Have you noticed how odd the world FEELS lately?
Seems like we can't get back to "normal" (whatever that is, or was). Maybe I’m alone in my sentiments, but I’m still building up my food storage nonetheless, and you should too!
Over the past few years, I've successfully created a well-stocked pantry that could last me a while. Building a food storage doesn’t consume too much time, so don't worry! Let me help you build your food storage by providing some simple beginner tips. I've learned these over the past few years building my own food storage.
Before discussing HOW to build a food storage, let’s discuss WHY.
Why should you have a food storage?
Why not? There's little or no downside to having extra food on hand. You never know what situation you'll encounter. Maybe the government goes berserk and confines people to their homes for extended periods—get prepared. Maybe hurricanes frequent your region so grocery stores are barren before you can get there—be prepared. Job loss is another emergency a food storage can help with. All these scenarios are unpredictable, so be ready.
A while back, I was talking to a friend, who asked:
“Why should I build a food storage when I live by a grocery store?”
My brain slammed to a halt, like I just experienced a head on collision! This was AFTER the 2020 grocery store riots, during which we witnessed how delicate the supply chain is and how grocery stores become pandemonium centers, so I couldn’t help but wonder what led them to THAT conclusion.
How the heck can you rely on an unreliable system that failed in the past?
No thanks! I'm not going out to risk my life for a can of beans when the world's overlords decide to unleash havoc again—I’ll be at home cooking up some comfort food, sitting by my fire enjoying a book.
“Failing to prepare is preparing to fail”
Now that we know WHY to have a food storage, let’s discuss HOW to build one from scratch!
Tip #1 Open your cupboards and buy what you see!
Don't panic buy, especially foods you don’t like. Chances are when SHTF, you still won’t like that food, so don’t torture yourself—buy what you enjoy! Open your cupboards; whatever you see, buy more of that! Most likely, you stock what you enjoy. If you see things you don’t enjoy or that sat there a long time, use those items soon. Free up space to store what you enjoy!
Tip #2 Shop the sales
I love shopping sales, and you should too! Save time and money by bulking up on sale foods you enjoy. Whenever Walmart has sales on beans, I purchase a large quantity. This lets me bulk up all at once. Get the ads from local stores, see when the sales are, and track the prices between stores. You might be surprised to discover that your favorite grocery store is the most expensive! Do what comforts you, but sales are the best time to shop.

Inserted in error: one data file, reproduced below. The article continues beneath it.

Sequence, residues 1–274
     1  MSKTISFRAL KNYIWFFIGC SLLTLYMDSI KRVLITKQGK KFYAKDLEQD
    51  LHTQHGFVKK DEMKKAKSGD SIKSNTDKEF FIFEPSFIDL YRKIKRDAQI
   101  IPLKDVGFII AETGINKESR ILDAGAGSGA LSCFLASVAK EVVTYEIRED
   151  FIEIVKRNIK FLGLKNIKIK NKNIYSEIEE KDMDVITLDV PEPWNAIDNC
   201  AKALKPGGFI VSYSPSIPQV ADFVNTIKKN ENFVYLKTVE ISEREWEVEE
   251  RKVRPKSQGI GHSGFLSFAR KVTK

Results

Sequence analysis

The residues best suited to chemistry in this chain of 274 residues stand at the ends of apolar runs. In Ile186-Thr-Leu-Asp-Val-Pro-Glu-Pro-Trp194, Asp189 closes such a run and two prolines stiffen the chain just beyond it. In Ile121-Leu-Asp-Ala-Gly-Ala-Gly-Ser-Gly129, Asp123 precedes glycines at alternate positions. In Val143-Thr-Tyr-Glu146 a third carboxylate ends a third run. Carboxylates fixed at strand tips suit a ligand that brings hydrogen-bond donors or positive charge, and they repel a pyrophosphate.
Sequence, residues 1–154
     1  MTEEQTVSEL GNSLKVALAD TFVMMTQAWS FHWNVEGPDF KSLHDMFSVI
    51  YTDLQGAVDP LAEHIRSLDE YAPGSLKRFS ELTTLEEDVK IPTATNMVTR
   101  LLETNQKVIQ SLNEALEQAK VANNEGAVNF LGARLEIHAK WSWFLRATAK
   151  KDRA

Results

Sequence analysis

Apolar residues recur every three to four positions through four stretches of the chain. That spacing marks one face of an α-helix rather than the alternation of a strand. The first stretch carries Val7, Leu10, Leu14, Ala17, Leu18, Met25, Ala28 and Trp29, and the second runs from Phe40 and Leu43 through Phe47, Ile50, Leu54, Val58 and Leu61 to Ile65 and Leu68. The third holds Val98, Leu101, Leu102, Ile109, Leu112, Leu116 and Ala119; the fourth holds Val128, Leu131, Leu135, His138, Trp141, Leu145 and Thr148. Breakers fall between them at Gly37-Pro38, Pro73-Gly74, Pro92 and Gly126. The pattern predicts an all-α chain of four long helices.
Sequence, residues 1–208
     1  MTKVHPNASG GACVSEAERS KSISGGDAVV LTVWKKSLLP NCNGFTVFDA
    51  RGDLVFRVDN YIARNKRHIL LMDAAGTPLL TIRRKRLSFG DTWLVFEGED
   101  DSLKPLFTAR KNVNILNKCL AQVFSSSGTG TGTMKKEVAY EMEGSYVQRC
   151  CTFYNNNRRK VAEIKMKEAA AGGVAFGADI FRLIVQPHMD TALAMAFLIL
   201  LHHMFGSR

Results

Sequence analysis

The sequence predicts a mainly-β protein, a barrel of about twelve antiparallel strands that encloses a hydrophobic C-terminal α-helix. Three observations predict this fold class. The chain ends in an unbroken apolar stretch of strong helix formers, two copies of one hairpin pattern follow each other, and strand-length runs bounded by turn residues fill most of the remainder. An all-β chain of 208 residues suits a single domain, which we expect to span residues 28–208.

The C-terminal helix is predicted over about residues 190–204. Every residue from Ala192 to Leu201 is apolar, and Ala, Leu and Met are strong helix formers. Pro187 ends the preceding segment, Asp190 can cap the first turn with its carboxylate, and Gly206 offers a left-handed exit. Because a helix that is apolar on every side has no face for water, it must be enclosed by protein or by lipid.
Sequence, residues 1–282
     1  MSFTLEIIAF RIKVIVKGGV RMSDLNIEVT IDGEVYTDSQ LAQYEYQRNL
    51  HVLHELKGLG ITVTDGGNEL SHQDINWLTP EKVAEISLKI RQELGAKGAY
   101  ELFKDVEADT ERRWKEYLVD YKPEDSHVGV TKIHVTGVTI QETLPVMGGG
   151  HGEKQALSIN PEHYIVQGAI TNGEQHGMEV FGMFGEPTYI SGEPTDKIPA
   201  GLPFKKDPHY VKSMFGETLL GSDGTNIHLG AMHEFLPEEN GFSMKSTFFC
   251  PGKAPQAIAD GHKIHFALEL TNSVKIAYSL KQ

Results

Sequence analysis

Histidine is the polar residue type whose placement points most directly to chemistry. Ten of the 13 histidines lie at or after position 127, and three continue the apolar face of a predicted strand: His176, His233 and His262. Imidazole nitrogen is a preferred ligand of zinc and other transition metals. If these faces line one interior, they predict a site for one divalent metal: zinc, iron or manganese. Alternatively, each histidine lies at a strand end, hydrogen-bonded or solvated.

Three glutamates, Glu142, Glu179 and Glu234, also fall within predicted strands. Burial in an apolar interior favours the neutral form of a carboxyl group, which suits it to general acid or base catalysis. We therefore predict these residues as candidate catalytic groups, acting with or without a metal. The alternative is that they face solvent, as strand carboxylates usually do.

Tip #3 Create a middle layer of food storage
Your middle layer food storage replenishes your pantry and cupboards. This layer generally resides in totes or closets around the house and not directly in your kitchen since kitchen space is at a premium. My middle layer consists of pantry staples, canned goods, and other items that overflow from my top layer, aka the pantry. For example, whenever I run out of flour in the kitchen, I head down to my middle layer totes to retrieve a bag of flour. I make a note to replenish my middle layer goods the next time I shop.
Tip #4 Get creative with space
Your kitchen is not the only place to store food. Closets and under beds and furniture are great places to keep food storage items. In my previous house, I didn’t have a large pantry or a food storage room like my farmhouse has, so I stored food in totes around the house. I maximized the space I had by using the Mari Kondo Method of de-cluttering.
If you store food in food storage buckets, stack them and cover them with decorative sheets to use as nightstands or end tables.
Tip #5 Build up a long-term food storage layer
After you establish a top layer and middle layer of food storage, establish long term food storage. This layer contains goods that last 10-30 years. I get my bulk, long term items from The Church of Jesus Christ of Latter-day Saints Bishop Storehouses. These goods come in #10 cans and last 25-30 years. I've purchased dried noodles, beans, oats, flour, and sugar. The prices are fair and these items are incredibly easy to store. Your long term food storage can also include pre-packaged survival food buckets or homemade Mylar bag goods. Start thinking long term about what you want to eat in the future! Food prices continue rising, so why not prepare for what's coming?
Start building your food storage NOW! By preparing, you also save money because of inflation. Who knows what will happen, but make sure you are ready for it when it does!